MCLU Urges Court to Preserve PUC Privacy Complaint

Affiliate: ACLU of Maine
March 20, 2009 12:00 am

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ACLU of Maine
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Mainers Deserve Truth About Telephone/Internet Privacy

FOR IMMEDIATE RELEASE
CONTACT: media@aclu.org

Today, the Maine Civil Liberties Union Foundation expressed its opposition to efforts by the federal government to terminate the Maine PUC’s telephone customer investigation. The State of Maine, along with Missouri, New Jersey, Connecticut, and Vermont, are fighting to keep alive their authority to protect phone customer privacy through reasonable regulation. The Maine case stems from a complaint brought on May 8, 2006 by James D. Cowie and other Maine telephone customers asking the Maine Public Utilities Commission to investigate whether their privacy rights were violated by Verizon.

“In America, we should feel free to have private conversations on the telephone or share private information in e-mail,” said Zachary Heiden, Legal Director of the Maine Civil Liberties Union Foundation.

The Maine Public Utilities Commission has asked that Verizon confirm under oath the truthfulness of statements it made to the press. The federal government sued the Maine Public Utilities Commission to prevent Verizon from giving that testimony under oath. That case was later consolidated with dozens of other cases challenging the NSA warrantless surveillance program before Judge Vaughn Walker of the United States District Court for the Northern District of California. The federal government has asked for summary judgment, arguing that the FISA Amendments Act of 2008 pre-empts state authority to protect privacy.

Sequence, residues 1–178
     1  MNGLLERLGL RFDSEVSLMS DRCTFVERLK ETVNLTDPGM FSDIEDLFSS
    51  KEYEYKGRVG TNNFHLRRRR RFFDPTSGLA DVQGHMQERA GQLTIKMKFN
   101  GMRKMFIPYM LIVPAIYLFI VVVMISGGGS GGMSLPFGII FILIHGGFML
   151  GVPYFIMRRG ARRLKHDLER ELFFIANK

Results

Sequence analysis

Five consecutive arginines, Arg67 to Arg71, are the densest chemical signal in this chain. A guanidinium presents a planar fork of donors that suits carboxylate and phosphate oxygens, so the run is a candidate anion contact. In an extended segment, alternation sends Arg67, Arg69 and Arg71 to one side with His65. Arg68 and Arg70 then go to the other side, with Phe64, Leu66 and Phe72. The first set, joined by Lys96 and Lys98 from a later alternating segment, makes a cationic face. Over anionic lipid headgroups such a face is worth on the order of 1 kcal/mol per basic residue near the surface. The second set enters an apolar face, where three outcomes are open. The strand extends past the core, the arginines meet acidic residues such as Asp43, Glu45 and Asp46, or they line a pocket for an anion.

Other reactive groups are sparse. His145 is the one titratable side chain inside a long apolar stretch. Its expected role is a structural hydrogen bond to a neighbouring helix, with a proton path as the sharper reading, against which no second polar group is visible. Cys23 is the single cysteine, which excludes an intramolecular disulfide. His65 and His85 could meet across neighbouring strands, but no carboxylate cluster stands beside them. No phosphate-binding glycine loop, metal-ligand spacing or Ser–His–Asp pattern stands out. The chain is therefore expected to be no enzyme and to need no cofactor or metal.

“The federal government here has taken an unreasonable position,” said Shenna Bellows, Executive Director of the Maine Civil Liberties Union Foundation. “Maine’s action here will not in any way impinge upon national security efforts.”

At issue is Section 803 of the FISA Amendments Act of 2008 which states “No state shall conduct an investigation into an electronic communication service provider’s alleged assistance to an element of the intelligence community or require through regulation or any other means the disclosure of information about an electronic communication service provider’s alleged assistance to an element of the intelligence community.”

Maine was the first state to file a customer complaint with the Public Utilities Commission when 21 Mainers led by James Cowie filed a complaint on May 8. ACLU affiliates in 20 states subsequently petitioned their local public utilities commissions or attorneys general to open investigations of the phone companies. The PUC complaints are part of a broader ACLU campaign to end illegal government spying on millions of Americans.

Revelations by two former military intercept operators who worked at the giant National Security Agency, Adrienne Kinne and David Murfee Faulk, revealed to ABC News in October of 2008 that the NSA was monitoring hundreds of personal calls of US servicemen and women in Iraq and Afghanistan as well as journalists and American aid workers overseas.

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